11 of 16 people found the following review helpful
5.0 out of 5 stars An Environmental Disaster,
I think this book does an excellent job of presenting the human side of the dust bowl disaster. He doesn't romanticize the people who lived in that section of the country or their part in the ecological disaster. He describes in a lot of detail what factors led to the disaster. Apparently it was primarily due to both drought and a short sighted desire to strike it rich plowing up grassy prairie to plant wheat. The growing of wheat during the 1910's was especially profitable because of high prices. Unfortunately, the center of the dust bowl was and is highly unsuited for any agricultural practice that leaves the soil fully exposed to wind erosion.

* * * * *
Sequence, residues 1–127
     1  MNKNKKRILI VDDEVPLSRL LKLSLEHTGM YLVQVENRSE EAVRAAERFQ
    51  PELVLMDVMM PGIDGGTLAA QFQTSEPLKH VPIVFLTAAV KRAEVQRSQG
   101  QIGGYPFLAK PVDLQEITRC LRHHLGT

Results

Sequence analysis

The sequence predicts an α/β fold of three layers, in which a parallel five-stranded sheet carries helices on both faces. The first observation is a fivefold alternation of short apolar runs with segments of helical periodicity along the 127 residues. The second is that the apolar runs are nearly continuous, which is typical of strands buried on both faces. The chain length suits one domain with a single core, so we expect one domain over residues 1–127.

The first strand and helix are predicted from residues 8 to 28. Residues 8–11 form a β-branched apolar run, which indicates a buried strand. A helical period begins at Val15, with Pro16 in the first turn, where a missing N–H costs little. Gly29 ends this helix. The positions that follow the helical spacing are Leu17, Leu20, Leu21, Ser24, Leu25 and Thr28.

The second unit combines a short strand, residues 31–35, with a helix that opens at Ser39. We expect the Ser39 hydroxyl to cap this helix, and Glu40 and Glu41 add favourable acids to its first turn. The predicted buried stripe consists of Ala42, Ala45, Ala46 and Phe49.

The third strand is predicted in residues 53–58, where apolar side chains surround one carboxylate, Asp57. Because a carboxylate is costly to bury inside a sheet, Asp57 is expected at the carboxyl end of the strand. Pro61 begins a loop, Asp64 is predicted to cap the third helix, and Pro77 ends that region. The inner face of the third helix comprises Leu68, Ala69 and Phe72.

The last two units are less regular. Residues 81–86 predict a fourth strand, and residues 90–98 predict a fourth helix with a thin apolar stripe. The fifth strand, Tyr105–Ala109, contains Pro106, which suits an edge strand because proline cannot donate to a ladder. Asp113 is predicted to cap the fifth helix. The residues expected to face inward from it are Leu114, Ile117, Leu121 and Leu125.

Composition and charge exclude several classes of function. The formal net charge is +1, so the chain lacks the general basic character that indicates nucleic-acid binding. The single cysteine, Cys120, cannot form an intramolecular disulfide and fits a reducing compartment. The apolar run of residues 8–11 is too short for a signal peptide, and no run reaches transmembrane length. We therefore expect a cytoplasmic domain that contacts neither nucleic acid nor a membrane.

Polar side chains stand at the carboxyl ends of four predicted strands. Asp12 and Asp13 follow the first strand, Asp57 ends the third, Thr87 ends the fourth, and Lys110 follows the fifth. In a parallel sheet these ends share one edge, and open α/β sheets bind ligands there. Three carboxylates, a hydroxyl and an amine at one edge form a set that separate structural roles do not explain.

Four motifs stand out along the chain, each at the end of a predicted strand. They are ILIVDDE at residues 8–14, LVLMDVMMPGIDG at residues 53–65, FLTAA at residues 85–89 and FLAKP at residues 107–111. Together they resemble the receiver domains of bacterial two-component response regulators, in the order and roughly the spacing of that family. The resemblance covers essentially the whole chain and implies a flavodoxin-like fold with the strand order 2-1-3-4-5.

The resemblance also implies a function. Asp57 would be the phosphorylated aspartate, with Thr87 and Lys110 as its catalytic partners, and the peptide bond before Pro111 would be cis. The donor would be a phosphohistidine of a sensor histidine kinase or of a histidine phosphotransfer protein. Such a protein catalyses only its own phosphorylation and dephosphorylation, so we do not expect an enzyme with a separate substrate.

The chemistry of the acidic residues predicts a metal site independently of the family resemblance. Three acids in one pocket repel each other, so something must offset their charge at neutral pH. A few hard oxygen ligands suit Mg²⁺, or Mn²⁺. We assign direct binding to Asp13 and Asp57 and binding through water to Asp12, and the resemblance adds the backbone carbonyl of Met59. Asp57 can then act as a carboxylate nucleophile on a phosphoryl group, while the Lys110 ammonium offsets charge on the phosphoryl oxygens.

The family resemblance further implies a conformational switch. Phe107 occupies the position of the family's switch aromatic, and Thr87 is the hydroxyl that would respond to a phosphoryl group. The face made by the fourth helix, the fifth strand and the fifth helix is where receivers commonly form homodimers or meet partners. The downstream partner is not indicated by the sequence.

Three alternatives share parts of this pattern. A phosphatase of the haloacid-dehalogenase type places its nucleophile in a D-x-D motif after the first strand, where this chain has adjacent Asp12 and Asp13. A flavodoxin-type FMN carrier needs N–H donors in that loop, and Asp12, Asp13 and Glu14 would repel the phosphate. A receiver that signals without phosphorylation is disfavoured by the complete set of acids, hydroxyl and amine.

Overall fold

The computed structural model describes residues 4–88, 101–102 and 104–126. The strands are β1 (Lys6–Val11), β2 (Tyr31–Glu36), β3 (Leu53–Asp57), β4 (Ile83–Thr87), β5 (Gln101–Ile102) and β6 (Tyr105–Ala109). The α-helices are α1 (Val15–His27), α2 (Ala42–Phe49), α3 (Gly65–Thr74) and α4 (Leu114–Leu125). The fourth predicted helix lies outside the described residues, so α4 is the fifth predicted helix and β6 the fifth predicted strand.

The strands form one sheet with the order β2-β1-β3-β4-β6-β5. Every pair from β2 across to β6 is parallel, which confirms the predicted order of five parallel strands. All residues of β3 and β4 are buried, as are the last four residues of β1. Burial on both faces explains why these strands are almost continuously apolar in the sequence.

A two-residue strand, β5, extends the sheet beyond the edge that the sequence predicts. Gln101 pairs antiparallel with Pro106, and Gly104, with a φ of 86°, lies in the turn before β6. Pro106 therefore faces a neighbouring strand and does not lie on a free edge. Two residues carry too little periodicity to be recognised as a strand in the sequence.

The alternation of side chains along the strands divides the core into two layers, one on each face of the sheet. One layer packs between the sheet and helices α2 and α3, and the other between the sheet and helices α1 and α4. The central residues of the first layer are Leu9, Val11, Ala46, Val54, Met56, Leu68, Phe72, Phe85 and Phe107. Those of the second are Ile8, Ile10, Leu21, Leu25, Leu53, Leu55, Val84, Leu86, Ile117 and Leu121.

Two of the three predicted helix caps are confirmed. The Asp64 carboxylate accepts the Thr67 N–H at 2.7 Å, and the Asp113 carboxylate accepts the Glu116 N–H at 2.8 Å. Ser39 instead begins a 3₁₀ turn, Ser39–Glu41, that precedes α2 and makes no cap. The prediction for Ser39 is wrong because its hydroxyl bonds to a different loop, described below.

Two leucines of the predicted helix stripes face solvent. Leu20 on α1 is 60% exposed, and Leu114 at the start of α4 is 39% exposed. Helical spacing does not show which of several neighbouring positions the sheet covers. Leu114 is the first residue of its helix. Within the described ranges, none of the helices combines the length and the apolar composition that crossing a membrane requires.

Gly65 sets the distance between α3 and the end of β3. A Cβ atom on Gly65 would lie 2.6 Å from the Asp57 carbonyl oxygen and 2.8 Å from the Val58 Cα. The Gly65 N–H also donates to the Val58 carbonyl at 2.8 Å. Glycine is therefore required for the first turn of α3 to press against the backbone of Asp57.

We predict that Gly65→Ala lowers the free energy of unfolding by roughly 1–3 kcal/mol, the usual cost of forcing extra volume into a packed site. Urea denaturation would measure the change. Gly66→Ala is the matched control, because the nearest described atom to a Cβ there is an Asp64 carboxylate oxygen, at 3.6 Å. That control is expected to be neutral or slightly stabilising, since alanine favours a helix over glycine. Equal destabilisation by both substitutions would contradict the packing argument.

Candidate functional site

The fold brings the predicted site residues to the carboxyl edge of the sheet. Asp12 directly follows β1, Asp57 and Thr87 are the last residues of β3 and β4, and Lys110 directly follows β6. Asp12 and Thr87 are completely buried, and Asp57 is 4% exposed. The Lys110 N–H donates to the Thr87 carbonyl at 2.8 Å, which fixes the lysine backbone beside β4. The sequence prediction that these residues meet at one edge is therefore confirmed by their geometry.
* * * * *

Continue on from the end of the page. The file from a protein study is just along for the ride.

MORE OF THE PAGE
About my only complaint of the book is that it gets a little heavy handed on the idea of an agrarian "utopian" world. When I was younger I liked liberal "utopian" dreams as well. However, I think that human self-interest is never going to fully go away. It's good to appeal to people's idealism, communitarian and environmental values, etc. However, any meaningful solution also needs to be sympathetic to the human beings trying to make a living in this dusty land.
6 of 9 people found the following review helpful
5.0 out of 5 stars Excellent History, Excellent Reading,
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2 of 3 people found the following review helpful
5.0 out of 5 stars Not quite grasping others' response to this book,
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This review is from: Dust Bowl: The Southern Plains in the 1930s (Paperback)I'm only commenting here because I have read and enjoyed this book and am not at all grasping some of the comments about it on these pages.